Patricia E. BENEDICT, et al., appellants, et al., plaintiff, v. WHITMAN BREED ABBOTT & MORGAN, etc., et al., defendants, Timothy Piemonte, as administrator ad prosequendum of the estate of Richard A. Piemonte, defendant third-party plaintiff-respondent, Estate of Louis J. Amaducci, et al., defendants-respondents; Patrick J. Carr, as executor of the estate of Elena Duke Benedict, third-party defendant.
-- October 23, 2013
Sandor Frankel, P.C., New York, N.Y. (Stuart E. Abrams and William J. Brady III of counsel), for appellants.Monaghan, Monaghan, Lamb & Marchisio, New York, N.Y. (Patrick J. Monaghan, Jr., of counsel), for Timothy Piemonte, as administrator ad prosequendum of the estate of Richard A. Piemonte, defendant third-party plaintiff-respondent.Derby & Associates, LLP, Jericho, N.Y., for defendants-respondents Estate of Louis J. Amaducci and Robert L. Amaducci.Patrick J. Carr, as executor of the estate of Elena Duke Benedict, Scarsdale, N.Y., third-party defendant pro se.
In an action, inter alia, to recover damages for inducement of a breach of fiduciary duty, the plaintiffs Patricia E. Benedict and Verna B. Neilson appeal from (1) a judgment of the Supreme Court, Westchester County (Donovan, J.), dated December 31, 2008, which, after a nonjury trial, is in favor of the defendant Richard A. Piemonte and against them dismissing the complaint insofar as asserted against him, and (2) a judgment of the same court dated January 28, 2009, which, after a nonjury trial, is in favor of the defendants Estate of Louis J. Amaducci and Robert L. Amaducci and against them dismissing the complaint insofar as asserted against those parties.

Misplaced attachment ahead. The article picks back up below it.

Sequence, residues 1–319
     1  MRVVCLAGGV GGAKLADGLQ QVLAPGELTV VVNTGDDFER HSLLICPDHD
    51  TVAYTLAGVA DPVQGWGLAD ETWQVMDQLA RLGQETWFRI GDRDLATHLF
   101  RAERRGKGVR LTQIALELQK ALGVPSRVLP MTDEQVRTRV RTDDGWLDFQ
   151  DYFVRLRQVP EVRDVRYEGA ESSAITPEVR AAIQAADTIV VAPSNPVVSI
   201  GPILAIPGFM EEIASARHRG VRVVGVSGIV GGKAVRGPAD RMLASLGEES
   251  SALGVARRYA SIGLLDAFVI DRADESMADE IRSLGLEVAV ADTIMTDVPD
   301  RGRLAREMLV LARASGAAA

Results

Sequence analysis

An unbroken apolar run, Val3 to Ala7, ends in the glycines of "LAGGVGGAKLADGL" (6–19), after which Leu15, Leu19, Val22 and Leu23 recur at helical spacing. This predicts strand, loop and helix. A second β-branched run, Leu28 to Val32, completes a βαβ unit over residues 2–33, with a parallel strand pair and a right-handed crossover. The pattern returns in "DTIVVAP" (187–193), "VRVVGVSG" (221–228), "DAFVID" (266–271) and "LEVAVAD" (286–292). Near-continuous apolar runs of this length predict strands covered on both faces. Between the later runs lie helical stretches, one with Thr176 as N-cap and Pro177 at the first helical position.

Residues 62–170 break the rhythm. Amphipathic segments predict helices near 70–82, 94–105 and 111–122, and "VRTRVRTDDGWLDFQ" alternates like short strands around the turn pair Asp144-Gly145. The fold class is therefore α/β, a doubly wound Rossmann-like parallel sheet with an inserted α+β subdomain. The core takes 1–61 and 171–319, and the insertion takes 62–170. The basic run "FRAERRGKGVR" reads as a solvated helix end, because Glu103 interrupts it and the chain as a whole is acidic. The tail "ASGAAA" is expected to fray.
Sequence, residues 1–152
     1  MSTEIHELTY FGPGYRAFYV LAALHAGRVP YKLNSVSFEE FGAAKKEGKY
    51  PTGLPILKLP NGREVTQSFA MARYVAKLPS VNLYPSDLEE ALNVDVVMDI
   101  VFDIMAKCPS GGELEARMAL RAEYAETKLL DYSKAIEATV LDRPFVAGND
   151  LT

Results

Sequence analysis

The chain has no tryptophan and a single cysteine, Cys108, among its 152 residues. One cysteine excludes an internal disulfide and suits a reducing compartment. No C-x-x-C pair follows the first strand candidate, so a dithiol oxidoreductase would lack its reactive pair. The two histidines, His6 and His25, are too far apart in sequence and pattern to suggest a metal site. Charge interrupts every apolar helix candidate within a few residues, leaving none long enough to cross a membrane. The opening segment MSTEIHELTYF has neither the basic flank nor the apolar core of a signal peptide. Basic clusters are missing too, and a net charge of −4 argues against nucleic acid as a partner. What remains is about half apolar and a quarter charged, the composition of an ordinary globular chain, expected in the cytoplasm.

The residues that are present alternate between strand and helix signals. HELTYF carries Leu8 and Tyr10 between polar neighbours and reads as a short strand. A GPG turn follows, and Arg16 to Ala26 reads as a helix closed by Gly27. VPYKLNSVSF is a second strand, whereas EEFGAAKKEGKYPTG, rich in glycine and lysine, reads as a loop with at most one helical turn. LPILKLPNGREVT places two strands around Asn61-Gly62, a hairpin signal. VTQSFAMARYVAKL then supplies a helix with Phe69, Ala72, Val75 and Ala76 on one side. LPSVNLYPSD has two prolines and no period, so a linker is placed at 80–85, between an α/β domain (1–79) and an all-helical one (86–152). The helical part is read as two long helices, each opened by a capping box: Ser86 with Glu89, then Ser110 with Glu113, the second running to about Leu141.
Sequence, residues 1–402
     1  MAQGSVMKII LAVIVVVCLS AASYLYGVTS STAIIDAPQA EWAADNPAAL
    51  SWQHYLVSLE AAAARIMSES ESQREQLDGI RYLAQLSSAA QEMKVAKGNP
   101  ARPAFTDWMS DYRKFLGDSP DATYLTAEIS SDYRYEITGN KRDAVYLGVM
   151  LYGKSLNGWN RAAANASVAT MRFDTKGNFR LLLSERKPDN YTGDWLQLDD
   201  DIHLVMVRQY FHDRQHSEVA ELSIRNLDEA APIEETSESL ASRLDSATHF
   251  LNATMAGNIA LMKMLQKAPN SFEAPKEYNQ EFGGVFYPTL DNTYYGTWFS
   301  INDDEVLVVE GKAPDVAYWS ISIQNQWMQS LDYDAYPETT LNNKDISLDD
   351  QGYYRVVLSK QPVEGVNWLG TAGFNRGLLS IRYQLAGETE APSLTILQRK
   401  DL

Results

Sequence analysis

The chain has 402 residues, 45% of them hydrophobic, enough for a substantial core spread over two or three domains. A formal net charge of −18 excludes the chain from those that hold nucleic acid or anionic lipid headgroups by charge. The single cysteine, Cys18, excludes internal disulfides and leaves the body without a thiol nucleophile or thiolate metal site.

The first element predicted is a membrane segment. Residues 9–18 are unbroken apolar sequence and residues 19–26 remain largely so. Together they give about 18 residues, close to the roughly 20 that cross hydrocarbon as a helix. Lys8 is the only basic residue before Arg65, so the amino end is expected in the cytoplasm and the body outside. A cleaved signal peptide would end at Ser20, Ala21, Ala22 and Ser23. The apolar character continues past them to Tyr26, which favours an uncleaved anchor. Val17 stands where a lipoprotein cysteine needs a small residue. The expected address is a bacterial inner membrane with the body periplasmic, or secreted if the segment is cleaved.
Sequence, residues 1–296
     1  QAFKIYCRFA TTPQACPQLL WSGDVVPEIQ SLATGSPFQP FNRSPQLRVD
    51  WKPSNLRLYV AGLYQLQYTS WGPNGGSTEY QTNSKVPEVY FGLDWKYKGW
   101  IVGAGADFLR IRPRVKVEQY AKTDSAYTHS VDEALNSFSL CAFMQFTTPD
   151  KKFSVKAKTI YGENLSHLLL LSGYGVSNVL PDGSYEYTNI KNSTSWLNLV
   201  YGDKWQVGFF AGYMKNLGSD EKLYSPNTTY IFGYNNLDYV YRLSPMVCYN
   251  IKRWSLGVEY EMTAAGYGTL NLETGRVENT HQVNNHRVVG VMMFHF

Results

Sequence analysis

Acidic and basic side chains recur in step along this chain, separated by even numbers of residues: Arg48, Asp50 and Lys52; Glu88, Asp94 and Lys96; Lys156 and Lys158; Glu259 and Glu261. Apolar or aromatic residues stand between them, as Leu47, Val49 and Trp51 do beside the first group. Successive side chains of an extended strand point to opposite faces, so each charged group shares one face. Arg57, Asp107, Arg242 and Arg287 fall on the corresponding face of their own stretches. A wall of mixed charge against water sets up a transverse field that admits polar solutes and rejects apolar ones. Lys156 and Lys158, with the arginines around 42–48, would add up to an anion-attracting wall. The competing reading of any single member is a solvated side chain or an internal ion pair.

ORDERED that the judgments are affirmed, with one bill of costs.
The late Elena Duke Benedict was the matriarch and controlling shareholder of family corporations Duke & Benedict (hereinafter D & B) and Adron, Inc. (hereinafter Adron). The plaintiffs Patricia E. Benedict and Verna B. Neilson (hereinafter together the appellants) are two of Elena Duke Benedict's six daughters, and are trustees and beneficiaries of certain trusts (hereinafter the 1976 trusts) and shareholders of D & B and Adron. The 1976 trusts are also shareholders of D & B. Pursuant to irrevocable proxies, Elena Duke Benedict voted the shares of D & B held by the appellants and the 1976 trusts.
In 1997, the appellants commenced this action against certain lawyers, accountants, and financial advisors of Elena Duke Benedict, officers and directors of D & B and Adron, and the trustees of the 1976 trusts, alleging that various breaches of fiduciary duty resulted in the financial demise of D & B and Adron and the massive depletion of the assets of the 1976 trusts and a certain annuity.
Most of the defendants settled (see Benedict v. Whitman Breed Abbott & Morgan, 77 AD3d 870; Benedict v. Whitman Breed Abbott & Morgan, 77 AD3d 872; Benedict v. Whitman Breed Abbott & Morgan, 77 AD3d 867; see also Carr v. Neilson, 77 AD3d 877; Benedict v. Whitman Breed Abbott & Morgan, 282 A.D.2d 416). The 1976 trusts also settled, in the Surrogate's Court, an accounting proceeding with the cotrustees. The Supreme Court conducted a nonjury trial on the claims against the remaining defendants—Richard Piemonte, the Estate of Louis J. Amaducci, and Robert L. Amaducci (hereinafter collectively the respondents). It is that trial which is at issue on these appeals.
Richard Piemonte was the chief operating officer and a director of D & B, the chief financial officer and a director of Adron, and one of Elena Duke Benedict's closest advisors. The late Louis J. Amaducci was Elena Duke Benedict's brother, a trustee of the 1976 trusts, and a director of both D & B and Adron. Robert L. Amaducci is Louis J. Amaducci's son, and is executive vice president of Adron and a director of both Adron and D & B. The respondents are also all partners in Quad Associates, a Delaware partnership formed in 1986 to enable a small group of Elena Duke Benedict's advisors to participate in certain real estate ventures undertaken by D & B.
After trial, the Supreme Court determined that the appellants failed to meet their burden of proving any of their causes of action against the respondents. Accordingly, the court entered judgments dismissing the complaint insofar as asserted against the respondents.